What is mentoring?

  • 25 Sep 2023

In this article series, we will be exploring the value of mentoring, particularly for BC and resilience professionals, as well as its role in the modern workplace and new methods of mentoring. However, to do this we need to first define what mentoring can be.

Mentoring is a professional development relationship where an experienced individual provides guidance, support, and feedback to someone who is seeking to improve their knowledge, skills, or career prospects. The mentor can act as an advisor and role model, who helps the mentee to set and achieve professional goals, overcome challenges, and develop new competencies.

Mentoring is a valuable tool for professional development, as it allows individuals to receive personalized guidance and support from experienced professionals who can share their knowledge, insights, and experiences. Therefore, mentoring relationships are usually established between members of the same or similar industry, such as the BC and resilience industry. The BCI has supported mentoring in this sector though its own mentoring programme where it is an additional benefit for members. 

Mentoring vs coaching

To understand the role of mentoring, it is useful to compare it to other forms of professional development. Coaching and mentoring can both support career development and help individuals improve their skills and achieve their goals. However, there are some key differences between the two:

  • Structure: Mentoring is often flexible and adaptable, focusing on the mentee’s own aims and objectives, whereas coaching tends to be structured with goals, plans, and strategies for a specific purpose. Since it tends to focus on specific goals or challenges, coaching is more task-oriented and is often focused on helping the individual improve their performance in a particular area. Mentoring is more relationship-oriented and involves providing guidance, support, and advice over a longer period of time. Indeed, coaching may involve a series of sessions over several weeks or months but mentoring can continue for months or even years. 

  • Expertise: Coaches are often experts in a specific area and use this knowledge to help their clients achieve specific goals. However, mentors may not be experts in a particular field, but can provide guidance and support based on their own experiences and insights. For example, mentors on the BCI programme are all skilled BC and resilience professionals with a certified membership.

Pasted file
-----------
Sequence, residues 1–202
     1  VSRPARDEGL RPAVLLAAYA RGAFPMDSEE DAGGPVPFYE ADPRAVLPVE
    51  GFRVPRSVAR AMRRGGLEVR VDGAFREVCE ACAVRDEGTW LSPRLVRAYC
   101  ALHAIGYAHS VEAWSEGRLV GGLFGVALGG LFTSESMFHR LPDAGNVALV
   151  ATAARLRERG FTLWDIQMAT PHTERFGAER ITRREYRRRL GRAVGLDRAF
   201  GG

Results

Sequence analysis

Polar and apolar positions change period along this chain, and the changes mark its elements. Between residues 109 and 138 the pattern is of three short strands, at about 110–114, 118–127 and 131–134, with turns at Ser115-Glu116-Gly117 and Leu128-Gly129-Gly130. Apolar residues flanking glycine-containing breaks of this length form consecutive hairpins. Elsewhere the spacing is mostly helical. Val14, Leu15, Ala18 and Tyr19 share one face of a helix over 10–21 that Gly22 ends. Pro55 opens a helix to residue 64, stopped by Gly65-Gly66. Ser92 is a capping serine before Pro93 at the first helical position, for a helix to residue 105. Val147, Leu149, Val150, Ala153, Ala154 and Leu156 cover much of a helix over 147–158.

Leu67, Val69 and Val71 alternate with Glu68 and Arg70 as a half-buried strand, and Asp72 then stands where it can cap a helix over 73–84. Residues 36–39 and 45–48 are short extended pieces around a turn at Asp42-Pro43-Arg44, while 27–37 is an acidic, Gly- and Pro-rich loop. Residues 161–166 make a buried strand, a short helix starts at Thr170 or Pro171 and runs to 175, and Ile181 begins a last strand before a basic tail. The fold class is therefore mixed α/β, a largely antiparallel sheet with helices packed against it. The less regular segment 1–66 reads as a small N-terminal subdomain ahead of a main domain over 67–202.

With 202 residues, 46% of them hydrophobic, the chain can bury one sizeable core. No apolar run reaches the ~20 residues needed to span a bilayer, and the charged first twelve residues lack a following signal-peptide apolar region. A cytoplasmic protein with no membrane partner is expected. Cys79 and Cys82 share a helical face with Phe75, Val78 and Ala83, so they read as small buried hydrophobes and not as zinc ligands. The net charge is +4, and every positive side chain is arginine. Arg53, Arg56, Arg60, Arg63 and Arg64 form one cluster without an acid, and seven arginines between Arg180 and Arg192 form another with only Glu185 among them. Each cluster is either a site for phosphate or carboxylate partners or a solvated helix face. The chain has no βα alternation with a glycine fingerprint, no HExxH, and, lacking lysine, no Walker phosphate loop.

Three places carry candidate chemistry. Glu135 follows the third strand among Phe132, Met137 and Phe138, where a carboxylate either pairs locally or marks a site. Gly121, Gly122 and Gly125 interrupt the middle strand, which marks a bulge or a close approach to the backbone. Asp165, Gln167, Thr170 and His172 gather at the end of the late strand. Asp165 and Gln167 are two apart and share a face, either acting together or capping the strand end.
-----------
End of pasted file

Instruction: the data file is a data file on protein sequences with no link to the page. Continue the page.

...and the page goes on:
• Focus on self vs focus on others: Coaching focuses on helping individuals improve their own skills and performance. Mentoring, on the other hand, involves helping others develop their skills and achieve their goals, often with positive outcomes for both sides of the mentoring relationship. Some of these outcomes will be explored in the following section.

How can mentoring help you?

The mentoring relationship provides benefits for both parties. A selection of these general outcomes have been included below:

  • Develop new skills and abilities: engaging in mentoring can enable you to understand your own experiences and abilities, and effectively impart them to others. It can also help you stay updated with the latest developments in your field as well as honing new skills and competencies. For example, being a mentor entails being a good listener, having effective communication skills, and providing guidance and support to your mentee. These skills can also be useful in enhancing your leadership qualities in your own career.

  • Increased confidence: professionals can feel more confident in their abilities and decision-making with the support of a mentor, who can also provide them with the encouragement needed to tackle new challenges.

  • Sense of accomplishment and fulfilment: watching your mentee grow and develop can be a fulfilling experience that provides a sense of accomplishment. It's a wonderful opportunity to contribute to the continuity and resilience of the community.

  • Network building: connecting with other professionals in the business continuity and resilience sector and its related fields through mentoring can expand your professional network.

  • Gain guidance on advancing your professional status: having a mentor can be extremely beneficial in terms of helping you identify and acquire the necessary skills to advance in your career. Additionally, they can assist you in identifying and developing new competencies that will aid you in reaching the next level in your professional journey.

  • Access to new opportunities: although it is not the mentor's obligation, they can offer access to new opportunities that may not be available otherwise. Additionally, mentors can highlight opportunities for the mentee to explore.

In the next article, we will explore the critical role of mentoring within the BC and resilience industry. 

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